The Use of a Heart Monitor While Training

The most important thing when it comes to training, cardio safely (running, cycling, elliptical) is to know your training zones according to heart rate (beats per minute). Maximum heart rate (MHR) is individual and unique for each person, and the most correct formula to know it is through a stress test. In the event that we cannot perform it, we can guide ourselves through the following formula, which gives us an approximate value with which we can guide ourselves in our training. For example, this means that if you are a 30-year-old woman, your maximum heart rate will be 196 beats per minute. A number that is greater than that should never appear on your heart rate monitor since you would be outside your safety zone, and it could be dangerous for your health.

The Training Zones

There are different training zones at Denver Fitness Center, depending on the heart rate, always talking about percentages of it:

Zone 1: Less than 60% of your FCM is the area in which you would warm up and recover prior to exercise, and it is ideal for elderly or overweight people who want to improve their health. You roughly find yourselves in it while walking lightly.

Zone 2: Between 60% and 70% of your FCM is an area in which you are comfortable, such as when you jog slowly. It improves the physical form of the person in a general way.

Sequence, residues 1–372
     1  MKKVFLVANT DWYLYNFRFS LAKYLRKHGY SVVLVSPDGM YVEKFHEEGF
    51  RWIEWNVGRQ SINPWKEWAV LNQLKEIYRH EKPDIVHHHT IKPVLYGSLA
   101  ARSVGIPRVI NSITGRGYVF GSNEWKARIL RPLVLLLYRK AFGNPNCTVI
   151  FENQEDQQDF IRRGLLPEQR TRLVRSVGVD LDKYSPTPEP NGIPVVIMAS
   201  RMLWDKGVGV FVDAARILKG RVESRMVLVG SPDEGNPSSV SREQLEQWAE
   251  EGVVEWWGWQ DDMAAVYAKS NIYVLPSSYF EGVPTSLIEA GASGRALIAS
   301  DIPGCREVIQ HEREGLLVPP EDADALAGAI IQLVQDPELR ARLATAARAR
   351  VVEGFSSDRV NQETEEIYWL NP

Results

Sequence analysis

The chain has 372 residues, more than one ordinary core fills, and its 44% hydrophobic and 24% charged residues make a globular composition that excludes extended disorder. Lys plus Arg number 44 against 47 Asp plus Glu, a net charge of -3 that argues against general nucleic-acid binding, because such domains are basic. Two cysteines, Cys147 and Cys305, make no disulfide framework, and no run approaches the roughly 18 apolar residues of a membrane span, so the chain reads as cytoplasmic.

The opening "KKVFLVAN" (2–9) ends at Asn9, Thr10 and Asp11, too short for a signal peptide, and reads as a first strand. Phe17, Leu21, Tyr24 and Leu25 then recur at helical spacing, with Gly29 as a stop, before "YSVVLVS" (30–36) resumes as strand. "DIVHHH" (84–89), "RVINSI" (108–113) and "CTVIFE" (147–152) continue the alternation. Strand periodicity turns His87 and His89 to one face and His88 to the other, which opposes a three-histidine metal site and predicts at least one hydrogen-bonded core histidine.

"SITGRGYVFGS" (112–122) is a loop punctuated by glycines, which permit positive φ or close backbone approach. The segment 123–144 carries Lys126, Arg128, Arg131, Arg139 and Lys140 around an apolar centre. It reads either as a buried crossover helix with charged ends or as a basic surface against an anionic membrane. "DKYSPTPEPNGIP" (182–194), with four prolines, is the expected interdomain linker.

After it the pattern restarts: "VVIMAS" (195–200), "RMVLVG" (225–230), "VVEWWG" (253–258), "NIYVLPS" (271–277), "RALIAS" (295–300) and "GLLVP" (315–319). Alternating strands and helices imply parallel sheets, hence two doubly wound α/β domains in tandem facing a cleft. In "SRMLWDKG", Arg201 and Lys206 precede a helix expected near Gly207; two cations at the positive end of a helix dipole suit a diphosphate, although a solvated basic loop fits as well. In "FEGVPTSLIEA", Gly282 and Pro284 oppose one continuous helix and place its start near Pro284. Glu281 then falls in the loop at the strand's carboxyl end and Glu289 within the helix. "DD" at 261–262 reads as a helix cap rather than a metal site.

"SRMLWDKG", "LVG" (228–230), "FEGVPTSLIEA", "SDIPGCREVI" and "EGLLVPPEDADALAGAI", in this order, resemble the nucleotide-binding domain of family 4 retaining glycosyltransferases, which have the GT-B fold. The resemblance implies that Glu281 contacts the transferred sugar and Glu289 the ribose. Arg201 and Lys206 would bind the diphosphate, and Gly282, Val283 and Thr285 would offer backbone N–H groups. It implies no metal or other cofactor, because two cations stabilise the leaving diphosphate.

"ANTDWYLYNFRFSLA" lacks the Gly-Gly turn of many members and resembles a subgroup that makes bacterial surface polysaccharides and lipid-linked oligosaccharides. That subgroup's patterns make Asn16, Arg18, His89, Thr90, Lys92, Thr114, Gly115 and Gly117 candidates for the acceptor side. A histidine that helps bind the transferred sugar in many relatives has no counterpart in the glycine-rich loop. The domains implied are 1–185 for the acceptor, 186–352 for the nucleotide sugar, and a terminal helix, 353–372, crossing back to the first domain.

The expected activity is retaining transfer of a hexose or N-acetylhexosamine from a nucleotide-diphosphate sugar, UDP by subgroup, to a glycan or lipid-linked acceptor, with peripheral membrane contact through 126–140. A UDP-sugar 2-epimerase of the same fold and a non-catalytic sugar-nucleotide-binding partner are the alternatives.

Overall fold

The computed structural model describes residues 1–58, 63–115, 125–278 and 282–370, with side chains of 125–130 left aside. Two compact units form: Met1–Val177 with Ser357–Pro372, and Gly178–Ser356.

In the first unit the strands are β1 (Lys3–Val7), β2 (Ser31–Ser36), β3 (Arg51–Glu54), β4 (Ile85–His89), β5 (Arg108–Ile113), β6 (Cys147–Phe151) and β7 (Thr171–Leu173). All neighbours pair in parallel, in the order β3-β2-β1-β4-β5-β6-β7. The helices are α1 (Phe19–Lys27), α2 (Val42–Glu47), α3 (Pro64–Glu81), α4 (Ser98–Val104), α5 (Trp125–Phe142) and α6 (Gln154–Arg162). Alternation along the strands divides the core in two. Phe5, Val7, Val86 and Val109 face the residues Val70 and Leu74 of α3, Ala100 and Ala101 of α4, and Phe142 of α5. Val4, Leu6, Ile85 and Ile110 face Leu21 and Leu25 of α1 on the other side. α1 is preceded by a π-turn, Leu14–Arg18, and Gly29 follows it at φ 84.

Zone 3: Between 70% and 80% of your FCM is the ideal zone to stay if you plan to do extensive training (long, approximately 45 minutes) and your goal is to burn fat. They are approximately the pulsations that you maintain when you jog lightly.

Zone 4: Between 80% and 90% of your FCM is the submaximal intensity zone and the body begins to use glycogen for fuel. You will be in this zone when you do the fast series.

Zone 5: More than 90% of your FCM is an area that you must only reach if you are well-trained and at specific times and of short duration. It helps you, for example, to control short sprints, in which you have to reach a very high-intensity peak.

Conclusion

Many heart rate monitors today inform you in which area you are working, which would make your workout much easier. If not, a simple equation will suffice to know if you are within the correct zone.